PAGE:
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Therefore if a bus in Bolton had shown Salford as its destination, where would it be going?
The reason for the location of Victoria Bus Station (and the Greengate terminus across the road, where most of the longer distance services went from) was to get passengers to Manchester without the buses themselves having to cross the boundary.
As long as the joint operation was on an equal shared income basis the practice, though officially frowned on, did not work to the financial detriment of the employers of the "lazy" crew.
Another trick was to load the bus at the first few stops so that the three bells code was given and, in rush hours, the crews would have an easy time with few stops, few fares to collect after the first trip around the bus and they could still dawdle as they had to keep to timings, yet could legitimately drive in a stately fashion past lines waiting for a bus with room.
I well remember the groans that went up at my bus stop on Kingsway when one of these appeared over the crest of the hill at East Didsbury.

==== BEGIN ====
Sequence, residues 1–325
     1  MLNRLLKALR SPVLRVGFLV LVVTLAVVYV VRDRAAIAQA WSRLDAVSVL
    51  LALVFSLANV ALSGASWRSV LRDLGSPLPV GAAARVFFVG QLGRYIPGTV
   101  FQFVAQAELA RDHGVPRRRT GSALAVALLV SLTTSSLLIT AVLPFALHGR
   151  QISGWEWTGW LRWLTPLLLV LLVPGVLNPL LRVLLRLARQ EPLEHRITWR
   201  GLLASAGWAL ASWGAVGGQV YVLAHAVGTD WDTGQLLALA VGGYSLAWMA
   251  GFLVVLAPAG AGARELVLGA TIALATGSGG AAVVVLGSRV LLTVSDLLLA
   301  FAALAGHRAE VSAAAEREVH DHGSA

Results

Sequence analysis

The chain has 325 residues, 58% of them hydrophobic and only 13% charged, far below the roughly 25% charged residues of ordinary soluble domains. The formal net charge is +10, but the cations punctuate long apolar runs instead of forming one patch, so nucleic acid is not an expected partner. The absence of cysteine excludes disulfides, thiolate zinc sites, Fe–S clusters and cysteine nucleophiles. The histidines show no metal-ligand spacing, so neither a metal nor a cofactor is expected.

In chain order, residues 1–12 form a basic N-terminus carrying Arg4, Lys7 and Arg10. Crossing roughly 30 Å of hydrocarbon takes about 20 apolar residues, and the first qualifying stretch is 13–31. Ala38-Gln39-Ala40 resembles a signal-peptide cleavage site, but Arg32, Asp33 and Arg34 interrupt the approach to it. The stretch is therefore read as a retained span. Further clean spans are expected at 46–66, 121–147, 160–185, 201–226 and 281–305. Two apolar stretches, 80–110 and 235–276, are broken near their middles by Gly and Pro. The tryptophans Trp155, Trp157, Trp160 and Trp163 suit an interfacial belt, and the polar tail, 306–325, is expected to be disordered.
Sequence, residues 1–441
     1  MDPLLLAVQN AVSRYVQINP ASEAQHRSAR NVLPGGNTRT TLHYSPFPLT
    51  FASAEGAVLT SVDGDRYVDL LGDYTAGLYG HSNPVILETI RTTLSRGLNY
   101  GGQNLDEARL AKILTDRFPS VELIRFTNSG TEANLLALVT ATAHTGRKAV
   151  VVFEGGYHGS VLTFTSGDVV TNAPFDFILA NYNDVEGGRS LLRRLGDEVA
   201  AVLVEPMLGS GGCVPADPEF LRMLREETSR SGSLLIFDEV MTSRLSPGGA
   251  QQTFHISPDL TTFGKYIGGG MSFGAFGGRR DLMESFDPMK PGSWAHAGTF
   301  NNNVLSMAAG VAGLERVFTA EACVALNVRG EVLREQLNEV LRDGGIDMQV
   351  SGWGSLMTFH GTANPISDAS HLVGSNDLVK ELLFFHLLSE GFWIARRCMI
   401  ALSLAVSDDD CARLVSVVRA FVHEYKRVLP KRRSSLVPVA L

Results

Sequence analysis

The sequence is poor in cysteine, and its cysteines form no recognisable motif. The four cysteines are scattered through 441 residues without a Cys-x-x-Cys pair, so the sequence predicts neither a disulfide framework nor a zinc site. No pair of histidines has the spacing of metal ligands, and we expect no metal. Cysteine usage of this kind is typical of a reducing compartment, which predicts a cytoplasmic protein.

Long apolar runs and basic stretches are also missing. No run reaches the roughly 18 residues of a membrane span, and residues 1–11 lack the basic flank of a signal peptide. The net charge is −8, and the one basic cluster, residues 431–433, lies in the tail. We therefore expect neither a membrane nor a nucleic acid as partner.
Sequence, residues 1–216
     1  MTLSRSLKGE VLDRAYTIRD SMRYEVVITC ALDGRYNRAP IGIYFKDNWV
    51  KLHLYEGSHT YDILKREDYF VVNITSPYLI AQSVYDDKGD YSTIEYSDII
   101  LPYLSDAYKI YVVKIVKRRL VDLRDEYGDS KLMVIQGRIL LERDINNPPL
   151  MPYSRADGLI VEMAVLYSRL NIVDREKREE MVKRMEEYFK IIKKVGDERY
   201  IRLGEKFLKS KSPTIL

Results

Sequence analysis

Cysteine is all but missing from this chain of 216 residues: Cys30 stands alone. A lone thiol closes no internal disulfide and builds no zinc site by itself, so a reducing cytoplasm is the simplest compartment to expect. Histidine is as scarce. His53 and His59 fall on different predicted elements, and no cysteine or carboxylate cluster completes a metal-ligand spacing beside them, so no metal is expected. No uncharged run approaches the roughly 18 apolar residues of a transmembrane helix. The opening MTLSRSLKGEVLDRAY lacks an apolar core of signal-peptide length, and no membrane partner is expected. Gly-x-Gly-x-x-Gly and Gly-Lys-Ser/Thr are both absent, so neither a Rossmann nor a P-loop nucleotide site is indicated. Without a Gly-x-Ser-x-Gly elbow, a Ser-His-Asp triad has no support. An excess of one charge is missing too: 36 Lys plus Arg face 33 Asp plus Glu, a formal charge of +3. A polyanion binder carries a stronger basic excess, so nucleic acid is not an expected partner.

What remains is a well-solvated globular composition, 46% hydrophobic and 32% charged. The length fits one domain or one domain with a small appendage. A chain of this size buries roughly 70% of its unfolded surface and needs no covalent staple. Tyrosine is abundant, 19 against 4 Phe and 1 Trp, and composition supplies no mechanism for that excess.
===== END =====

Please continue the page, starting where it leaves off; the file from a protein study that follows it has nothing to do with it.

I wonder if the slow performance of the Salford Daimlers on Kingsway was down to the Salford crews "pushing" Manchester vehicles in front on the same or similar routes, i.e.
There was little love lost between the Frederick Rd Salford and Piccadilly Manchester head offices.
Salford buses heading for the inner areas of Trafford Park, which was in Stretford, would display the destination as a road name, such as Tenax Rd, whereas Manchester would display both Trafford Park and the point in the Park to which they were going.
The last six of the type delivered to Salford FRJ 555-FRJ 560 (555-560) were fitted with heaters and were much pursued by the enthusiast fraternity as for the first nine years of their lives they operated almost solely on all night services, retreating to the depot as the sun appeared.
Both Salford and Manchester passed substantial numbers of these vehicles to SELNEC.
allowing the Manchester crews to pick up the bulk of the passengers thus lessening the workload for the Salford men as they would have few if any passengers to pick up after the first few stops.
"Pushing" was a common practice where routes were jointly operated, some crews becoming adept at the practice.